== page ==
Scattered thoughts on mercy.
We are very good at things we can measure, sounding the height and width and depth of things which have limits. But mercy is immeasurable. Who shall weigh the water from a gushing spring? Who will moderate the sun, or be offended that it does not dim its rays?
We are used to thinking in Aristotelian terms of a good thing as generally being the mean between two extremes. Don’t go overboard; what is healthy and normal, apt to our nature, is found in moderation rather than excess.
And yet mercy is always extreme. The very nature of God is an excess, an overflow. How strange it is that, from the Garden of Eden, we have always balked at this, always had difficulty believing God is our Father, always resisted asking for what He longs to give us. (What if Adam and Eve had simply repented?)
The earth was formless and void.
They have no wine.
Christ’s first miracle, like God’s first act in time, was a response to the simple fact of emptiness. And the gift has been pressed down and running over ever since. So His mercy sees the void in us and runs to fill it beyond all need and comprehension.
Salvation does not consist in beating the breast but in walking back to God. Judas and the prodigal both acknowledged their sin, but only one of them returned.
Only one of them acknowledged that it was to a Father that he addressed his words.
I have to remember this. I may acknowledge my sin, I may pray a Psalm like 51 and know uncomfortably how very true it is of me, and yet do so in a way that is morose. I am wretched, God. I am wretched. I am looking at how wretched I am. I can’t get away from how wretched I am. Behold my wretchedness. And I forget to add that I am a son, and He is my Father. I forget to look up, to find Him already running toward me down the road. I forget that the grace of seeking Him can only come because He has left everything—the shepherd in the wilderness, the housewife overturning all the furniture, the child in the manger—to find me. I forget that the angels in heaven rejoiced, with real and expansive joy, when David the adulterer and the murderer mourned my sin is ever before Thee.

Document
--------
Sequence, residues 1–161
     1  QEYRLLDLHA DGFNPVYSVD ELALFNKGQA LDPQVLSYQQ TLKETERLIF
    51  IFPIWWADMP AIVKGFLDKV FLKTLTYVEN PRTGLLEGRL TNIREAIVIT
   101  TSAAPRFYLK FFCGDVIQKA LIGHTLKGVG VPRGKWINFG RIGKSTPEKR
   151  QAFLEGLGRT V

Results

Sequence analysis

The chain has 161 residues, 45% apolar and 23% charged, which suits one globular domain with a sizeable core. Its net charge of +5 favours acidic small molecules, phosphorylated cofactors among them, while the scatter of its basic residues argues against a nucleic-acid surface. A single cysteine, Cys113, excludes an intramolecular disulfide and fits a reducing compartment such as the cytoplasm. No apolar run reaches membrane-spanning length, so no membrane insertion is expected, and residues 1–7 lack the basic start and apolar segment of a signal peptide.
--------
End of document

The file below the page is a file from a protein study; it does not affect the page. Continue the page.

David acknowledged he was sick; but David asked for healing, and believed that it would come.
Sorrow is only holy, I suppose, when it is part of a larger joy. The bent head, the face ashamed, the fist beating the wicked heart—must be part of a turn to Godward, a real expectation of and readiness to respond to the mercy we will find there, yearning to make us saints.
O, God, You long to pour out Your mercy upon us.
We must accept it; we must become its ministers, its conduits, channels through which it may burst from Your heart and overwhelm the world as the waters cover the sea.
So often You give mercy to one of us through another. Moses stood in the breach before You, and You showered Israel with grace. Mary asked for wine from You, and it exploded by the gallon into jars.
There is nothing tame or rational about mercy. Mercy is wild, superabundant, bursting all our categories. And it is natural. For God alone normality is defined by excess; mercy is unbounded; infinity is the measure of Love.
We may take offense at it; we may balk at the fact that we can neither justify nor understand it, that it is too big for us to control.
Or we may enter into it and let God change everything in us.